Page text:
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NEWS

Trustees seek to expand CMU’s health care footprint

| Author: Ari Harris

In their first meeting of 2022, the Central Michigan University Board of Trustees established a special committee to consider CMU’s important role in the future of health care in Michigan.

“The world of health care is changing very rapidly,” Chair Richard Studley said. “We think there is a tremendous opportunity for CMU to strengthen and expand and play even more of a leadership role in meeting the health care needs of this community, the Great Lakes Bay Region and our entire state.

Over the next year, the Health Care Special Committee, co-chaired by Trustee Sharon Heath and Trustee Michael Sandler, will engage with local health care leaders, CMU faculty experts and other key stakeholder groups to gain insight and inform planning efforts. Dr. George Kikano, vice president of health affairs and dean of the College of Medicine, and Tom Masterson, dean of The Herbert H. and Grace A. Dow College of Health Professions, will serve as administrative liaisons and support the work of the committee.

At the board’s December meeting, the committee will present its recommendations for a long-range plan to strengthen CMU’s ability to anticipate and respond to changing health care needs in Michigan.

Reimagining the residential student experience

In a joint presentation Wednesday by Nick Long, vice president and chief financial officer, and Kathleen Gardner, executive director of student affairs, trustees were updated on the progress and purpose of the proposed Washington Commons residential community. The new facility would offer more than 400 apartment-style living spaces, primarily for undergraduate students, as well as a new on-campus market with a wide range of grocery items.

During the Finance and Facilities Committee meeting, Long and Gardner discussed the role of residential facilities in the university’s strategic enrollment plan, as well as the ways on-campus living supports student success. They also pointed out similar projects underway at other Michigan colleges and universities.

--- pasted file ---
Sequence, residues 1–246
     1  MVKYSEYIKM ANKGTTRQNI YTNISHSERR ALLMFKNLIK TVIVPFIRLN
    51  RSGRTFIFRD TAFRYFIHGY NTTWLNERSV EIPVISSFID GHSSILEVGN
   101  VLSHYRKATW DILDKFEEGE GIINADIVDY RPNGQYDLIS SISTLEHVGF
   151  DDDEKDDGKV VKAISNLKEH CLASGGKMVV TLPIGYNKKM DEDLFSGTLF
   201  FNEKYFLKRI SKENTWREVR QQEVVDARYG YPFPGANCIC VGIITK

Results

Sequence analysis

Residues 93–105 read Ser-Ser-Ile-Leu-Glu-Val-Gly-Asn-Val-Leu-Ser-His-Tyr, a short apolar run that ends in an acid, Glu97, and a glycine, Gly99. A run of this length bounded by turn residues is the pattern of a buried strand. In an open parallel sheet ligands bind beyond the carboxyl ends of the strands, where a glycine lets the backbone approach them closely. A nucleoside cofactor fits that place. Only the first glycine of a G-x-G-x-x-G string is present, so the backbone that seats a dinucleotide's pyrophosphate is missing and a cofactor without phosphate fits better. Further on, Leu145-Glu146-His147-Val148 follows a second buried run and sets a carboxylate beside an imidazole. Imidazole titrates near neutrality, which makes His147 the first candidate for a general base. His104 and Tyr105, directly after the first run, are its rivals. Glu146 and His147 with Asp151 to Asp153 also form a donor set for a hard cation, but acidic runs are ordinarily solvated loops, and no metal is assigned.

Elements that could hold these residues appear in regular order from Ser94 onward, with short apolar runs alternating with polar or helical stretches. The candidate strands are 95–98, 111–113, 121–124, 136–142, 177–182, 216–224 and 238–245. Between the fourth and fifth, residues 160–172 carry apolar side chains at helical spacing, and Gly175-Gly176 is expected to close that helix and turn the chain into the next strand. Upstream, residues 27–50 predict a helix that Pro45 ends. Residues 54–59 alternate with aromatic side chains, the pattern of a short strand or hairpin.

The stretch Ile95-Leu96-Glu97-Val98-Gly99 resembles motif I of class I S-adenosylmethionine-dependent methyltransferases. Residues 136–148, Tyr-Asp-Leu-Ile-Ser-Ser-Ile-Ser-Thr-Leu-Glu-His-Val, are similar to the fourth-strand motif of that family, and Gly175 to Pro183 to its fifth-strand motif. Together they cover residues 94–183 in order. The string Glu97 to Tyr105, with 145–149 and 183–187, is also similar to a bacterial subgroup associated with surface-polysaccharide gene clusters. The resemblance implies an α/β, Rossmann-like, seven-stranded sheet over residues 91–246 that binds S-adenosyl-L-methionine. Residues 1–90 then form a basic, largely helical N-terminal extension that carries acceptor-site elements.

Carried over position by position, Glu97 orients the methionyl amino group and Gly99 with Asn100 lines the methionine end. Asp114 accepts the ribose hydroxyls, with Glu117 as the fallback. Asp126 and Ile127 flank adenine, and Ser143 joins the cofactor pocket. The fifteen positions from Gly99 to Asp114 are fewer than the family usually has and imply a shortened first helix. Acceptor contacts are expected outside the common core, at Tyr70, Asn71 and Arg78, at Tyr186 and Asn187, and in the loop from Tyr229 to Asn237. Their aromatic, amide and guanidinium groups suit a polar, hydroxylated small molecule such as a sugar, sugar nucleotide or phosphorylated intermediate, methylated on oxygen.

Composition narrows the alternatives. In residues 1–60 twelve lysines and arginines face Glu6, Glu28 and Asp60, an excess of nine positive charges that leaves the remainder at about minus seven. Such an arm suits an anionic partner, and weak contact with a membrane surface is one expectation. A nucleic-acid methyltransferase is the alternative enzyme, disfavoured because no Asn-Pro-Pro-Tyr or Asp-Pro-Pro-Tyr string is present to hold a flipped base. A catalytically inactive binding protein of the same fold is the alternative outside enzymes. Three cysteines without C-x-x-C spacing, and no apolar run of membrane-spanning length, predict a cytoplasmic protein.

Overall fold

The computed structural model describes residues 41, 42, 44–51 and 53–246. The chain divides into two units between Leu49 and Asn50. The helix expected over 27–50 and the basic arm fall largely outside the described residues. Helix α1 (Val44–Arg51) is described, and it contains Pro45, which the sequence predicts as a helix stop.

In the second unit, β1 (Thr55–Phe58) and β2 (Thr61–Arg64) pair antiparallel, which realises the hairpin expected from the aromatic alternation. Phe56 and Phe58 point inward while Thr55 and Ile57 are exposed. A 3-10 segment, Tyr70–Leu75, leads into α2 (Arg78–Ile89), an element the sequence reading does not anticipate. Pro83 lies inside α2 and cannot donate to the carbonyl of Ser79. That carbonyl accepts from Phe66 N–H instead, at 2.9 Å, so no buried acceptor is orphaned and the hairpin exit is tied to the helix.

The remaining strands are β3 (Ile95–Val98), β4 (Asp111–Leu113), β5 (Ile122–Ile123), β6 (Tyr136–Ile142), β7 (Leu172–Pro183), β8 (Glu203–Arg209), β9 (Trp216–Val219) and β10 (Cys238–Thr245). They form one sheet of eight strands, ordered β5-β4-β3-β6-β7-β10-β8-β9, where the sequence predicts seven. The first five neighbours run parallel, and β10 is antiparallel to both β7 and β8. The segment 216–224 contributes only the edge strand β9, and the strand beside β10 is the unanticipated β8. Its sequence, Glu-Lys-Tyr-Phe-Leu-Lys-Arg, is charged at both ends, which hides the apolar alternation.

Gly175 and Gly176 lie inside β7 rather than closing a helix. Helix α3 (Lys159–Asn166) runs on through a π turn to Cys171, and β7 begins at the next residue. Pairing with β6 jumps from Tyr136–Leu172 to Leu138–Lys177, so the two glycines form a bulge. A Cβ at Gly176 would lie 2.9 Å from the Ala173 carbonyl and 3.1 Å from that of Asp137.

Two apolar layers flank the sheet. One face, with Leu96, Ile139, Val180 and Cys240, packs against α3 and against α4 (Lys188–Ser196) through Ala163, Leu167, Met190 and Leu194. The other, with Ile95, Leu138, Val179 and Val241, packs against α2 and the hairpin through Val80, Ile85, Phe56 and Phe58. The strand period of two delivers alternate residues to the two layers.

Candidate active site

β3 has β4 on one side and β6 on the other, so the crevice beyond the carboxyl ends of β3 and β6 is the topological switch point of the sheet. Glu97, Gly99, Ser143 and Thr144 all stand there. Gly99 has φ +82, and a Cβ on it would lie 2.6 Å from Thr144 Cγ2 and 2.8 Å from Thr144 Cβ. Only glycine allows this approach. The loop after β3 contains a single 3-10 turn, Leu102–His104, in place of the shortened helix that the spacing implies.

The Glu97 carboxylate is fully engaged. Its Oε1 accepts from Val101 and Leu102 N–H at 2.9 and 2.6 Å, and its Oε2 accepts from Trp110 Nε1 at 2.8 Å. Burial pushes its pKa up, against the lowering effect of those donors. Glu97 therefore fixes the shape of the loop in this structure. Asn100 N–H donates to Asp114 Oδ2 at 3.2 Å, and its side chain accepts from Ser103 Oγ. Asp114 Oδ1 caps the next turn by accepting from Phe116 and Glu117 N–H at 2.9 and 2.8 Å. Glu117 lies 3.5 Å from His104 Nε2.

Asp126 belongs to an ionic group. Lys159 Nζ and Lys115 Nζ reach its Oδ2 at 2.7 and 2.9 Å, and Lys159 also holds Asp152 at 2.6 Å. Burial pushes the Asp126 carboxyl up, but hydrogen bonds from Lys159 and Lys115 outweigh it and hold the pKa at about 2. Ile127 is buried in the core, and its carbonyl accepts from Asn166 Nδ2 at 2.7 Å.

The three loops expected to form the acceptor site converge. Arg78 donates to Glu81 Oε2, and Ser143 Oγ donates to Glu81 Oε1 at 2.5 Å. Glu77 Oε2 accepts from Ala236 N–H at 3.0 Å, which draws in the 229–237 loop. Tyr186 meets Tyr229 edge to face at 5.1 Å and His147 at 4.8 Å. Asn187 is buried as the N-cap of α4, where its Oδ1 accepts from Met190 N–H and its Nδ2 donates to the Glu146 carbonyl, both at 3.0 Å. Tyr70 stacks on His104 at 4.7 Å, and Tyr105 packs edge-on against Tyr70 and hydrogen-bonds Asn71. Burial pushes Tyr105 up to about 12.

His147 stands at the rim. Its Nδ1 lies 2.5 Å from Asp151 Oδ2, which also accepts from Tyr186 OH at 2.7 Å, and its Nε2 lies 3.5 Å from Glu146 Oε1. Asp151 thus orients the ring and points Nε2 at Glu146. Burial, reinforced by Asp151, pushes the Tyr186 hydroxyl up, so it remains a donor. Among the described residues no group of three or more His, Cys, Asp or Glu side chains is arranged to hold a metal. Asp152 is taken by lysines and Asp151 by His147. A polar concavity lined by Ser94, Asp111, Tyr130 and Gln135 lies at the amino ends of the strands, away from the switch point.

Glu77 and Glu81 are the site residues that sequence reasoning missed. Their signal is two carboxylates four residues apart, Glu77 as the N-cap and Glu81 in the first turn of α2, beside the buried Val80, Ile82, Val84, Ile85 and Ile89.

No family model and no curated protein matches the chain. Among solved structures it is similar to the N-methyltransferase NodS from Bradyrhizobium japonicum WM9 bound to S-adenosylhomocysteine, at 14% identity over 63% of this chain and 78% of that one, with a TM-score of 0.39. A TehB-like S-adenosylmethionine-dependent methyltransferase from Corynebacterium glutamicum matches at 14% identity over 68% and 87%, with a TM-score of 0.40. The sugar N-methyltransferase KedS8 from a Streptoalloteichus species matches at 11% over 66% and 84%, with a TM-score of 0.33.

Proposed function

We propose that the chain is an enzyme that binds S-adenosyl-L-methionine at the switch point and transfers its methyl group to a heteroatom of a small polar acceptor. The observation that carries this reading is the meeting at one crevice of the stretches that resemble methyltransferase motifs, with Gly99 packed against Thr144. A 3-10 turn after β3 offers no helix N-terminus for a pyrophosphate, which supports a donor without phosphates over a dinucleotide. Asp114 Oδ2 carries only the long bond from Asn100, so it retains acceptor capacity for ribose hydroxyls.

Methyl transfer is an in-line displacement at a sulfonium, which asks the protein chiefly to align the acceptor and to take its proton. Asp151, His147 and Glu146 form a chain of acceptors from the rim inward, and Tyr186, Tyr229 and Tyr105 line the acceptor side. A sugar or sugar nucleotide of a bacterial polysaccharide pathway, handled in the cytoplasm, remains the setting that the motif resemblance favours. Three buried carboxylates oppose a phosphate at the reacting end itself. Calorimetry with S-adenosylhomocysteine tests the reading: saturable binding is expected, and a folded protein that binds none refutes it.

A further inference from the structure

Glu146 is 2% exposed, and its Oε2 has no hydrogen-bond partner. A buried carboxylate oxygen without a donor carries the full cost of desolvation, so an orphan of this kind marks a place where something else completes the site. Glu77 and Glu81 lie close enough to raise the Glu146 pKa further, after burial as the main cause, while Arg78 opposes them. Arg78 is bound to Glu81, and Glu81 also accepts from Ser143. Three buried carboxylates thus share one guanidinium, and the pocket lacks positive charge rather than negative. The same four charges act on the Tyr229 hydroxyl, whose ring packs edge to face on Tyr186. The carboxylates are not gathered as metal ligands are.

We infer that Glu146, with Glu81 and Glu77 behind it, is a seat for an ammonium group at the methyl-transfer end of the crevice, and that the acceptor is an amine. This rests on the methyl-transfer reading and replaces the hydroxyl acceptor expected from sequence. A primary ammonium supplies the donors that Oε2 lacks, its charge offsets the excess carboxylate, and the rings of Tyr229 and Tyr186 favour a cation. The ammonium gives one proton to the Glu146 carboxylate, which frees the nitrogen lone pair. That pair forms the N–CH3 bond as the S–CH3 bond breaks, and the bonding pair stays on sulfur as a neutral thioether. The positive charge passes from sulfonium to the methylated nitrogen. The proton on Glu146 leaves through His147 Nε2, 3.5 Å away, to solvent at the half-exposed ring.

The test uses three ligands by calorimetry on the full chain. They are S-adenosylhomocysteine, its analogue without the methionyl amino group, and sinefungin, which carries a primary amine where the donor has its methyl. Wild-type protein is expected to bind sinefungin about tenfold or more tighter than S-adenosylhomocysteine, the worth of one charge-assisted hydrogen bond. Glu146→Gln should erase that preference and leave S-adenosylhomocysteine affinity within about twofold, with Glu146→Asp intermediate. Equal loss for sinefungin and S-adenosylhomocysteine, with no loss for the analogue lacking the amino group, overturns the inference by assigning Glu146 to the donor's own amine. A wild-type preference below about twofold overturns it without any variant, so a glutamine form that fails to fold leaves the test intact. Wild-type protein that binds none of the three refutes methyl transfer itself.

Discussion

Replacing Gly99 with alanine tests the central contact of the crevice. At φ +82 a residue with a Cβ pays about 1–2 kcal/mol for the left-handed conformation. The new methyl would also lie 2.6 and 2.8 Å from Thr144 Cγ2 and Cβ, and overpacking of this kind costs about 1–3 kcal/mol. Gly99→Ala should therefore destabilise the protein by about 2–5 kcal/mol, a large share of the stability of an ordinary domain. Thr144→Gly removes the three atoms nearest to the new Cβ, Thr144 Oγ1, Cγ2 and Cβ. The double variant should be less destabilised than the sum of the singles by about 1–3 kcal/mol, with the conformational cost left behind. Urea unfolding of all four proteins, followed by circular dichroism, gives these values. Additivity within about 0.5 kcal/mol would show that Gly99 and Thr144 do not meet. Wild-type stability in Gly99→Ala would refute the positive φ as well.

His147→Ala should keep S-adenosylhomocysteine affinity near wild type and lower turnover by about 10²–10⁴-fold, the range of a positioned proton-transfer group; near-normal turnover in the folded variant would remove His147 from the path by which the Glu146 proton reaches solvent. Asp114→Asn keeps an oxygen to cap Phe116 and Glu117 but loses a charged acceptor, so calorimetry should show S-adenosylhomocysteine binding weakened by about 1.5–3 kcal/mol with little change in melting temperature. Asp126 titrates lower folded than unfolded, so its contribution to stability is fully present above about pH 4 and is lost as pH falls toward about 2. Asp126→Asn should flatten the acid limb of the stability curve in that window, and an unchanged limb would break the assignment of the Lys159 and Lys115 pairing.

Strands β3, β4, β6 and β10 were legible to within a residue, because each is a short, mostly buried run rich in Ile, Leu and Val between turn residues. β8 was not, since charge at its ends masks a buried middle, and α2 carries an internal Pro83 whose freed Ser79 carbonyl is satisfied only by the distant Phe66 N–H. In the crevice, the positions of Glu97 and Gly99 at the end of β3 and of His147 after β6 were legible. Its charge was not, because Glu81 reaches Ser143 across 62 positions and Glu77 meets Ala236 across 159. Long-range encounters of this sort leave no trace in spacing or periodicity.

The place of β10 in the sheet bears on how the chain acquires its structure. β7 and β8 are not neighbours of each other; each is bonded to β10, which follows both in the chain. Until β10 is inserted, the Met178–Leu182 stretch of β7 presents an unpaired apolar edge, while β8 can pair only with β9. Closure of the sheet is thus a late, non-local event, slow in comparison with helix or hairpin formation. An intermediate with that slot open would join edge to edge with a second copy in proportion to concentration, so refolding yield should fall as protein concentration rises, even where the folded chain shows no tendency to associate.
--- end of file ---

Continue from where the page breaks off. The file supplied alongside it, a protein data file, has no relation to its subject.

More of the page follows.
In Thursday’s formal session, trustees heard comments from students and a faculty member regarding the closure of parking lot 22. They approved a request for $12 million to complete the design phase of the Washington Commons project, with the understanding that student, faculty, staff and stakeholder input will be considered as the project goes forward.

“We are very mindful of the comments we received yesterday and today from students, faculty and staff,” Studley said. “As we go forward, there will be additional discussion with all stakeholders and the entire university community, with additional listening sessions.”

CMU will host a series of town hall meetings to gather input from students, faculty and staff beginning next week, Long said.

Programs to bolster student success

During Wednesday’s committee meetings, trustees heard from student leaders from the CMU Student Food Pantry and Financial Wellness Collaborative. Both organizations provide support for students — one offering relief from food insecurity and hunger, the other guiding students toward financial literacy.

Both groups reported a significant increase in demand for services this year. The pantry has distributed food to 725 students in the first two months of 2022, and more than 650 students have attended peer coaching sessions or presentations on budgeting and financial wellness. Nearly 200 more have registered for the iGrad financial tool, new to CMU this year. 

Abbey Kamin, graduate assistant for the food pantry, said the two organizations have entered into a “purposeful partnership,” recognizing that food insecurity often is linked to financial struggles. Together, the groups are sharing information with the CMU community as Resource CMU.

Interdisciplinary success

Trustees also heard a presentation on the Structured Language and Literacy interdisciplinary certificate program. Katie Squires, faculty member in Communication Sciences and Disorders, discussed the growing need for teachers and literacy specialists in Michigan, as students in several grade levels lag behind their regional peers in reading.

The certificate program, a partnership between the Department of Communication Sciences and Disorders and the College of Education and Human Services, was developed with support from the President’s and Provost’s Fund for Excellence in Program Innovation. It will be the first in Michigan to be accredited by the International Dyslexia Association, the first accelerated graduate certificate at CMU, and will allow CMU to offer continuing education credits for the American Speech-Language-Hearing Association.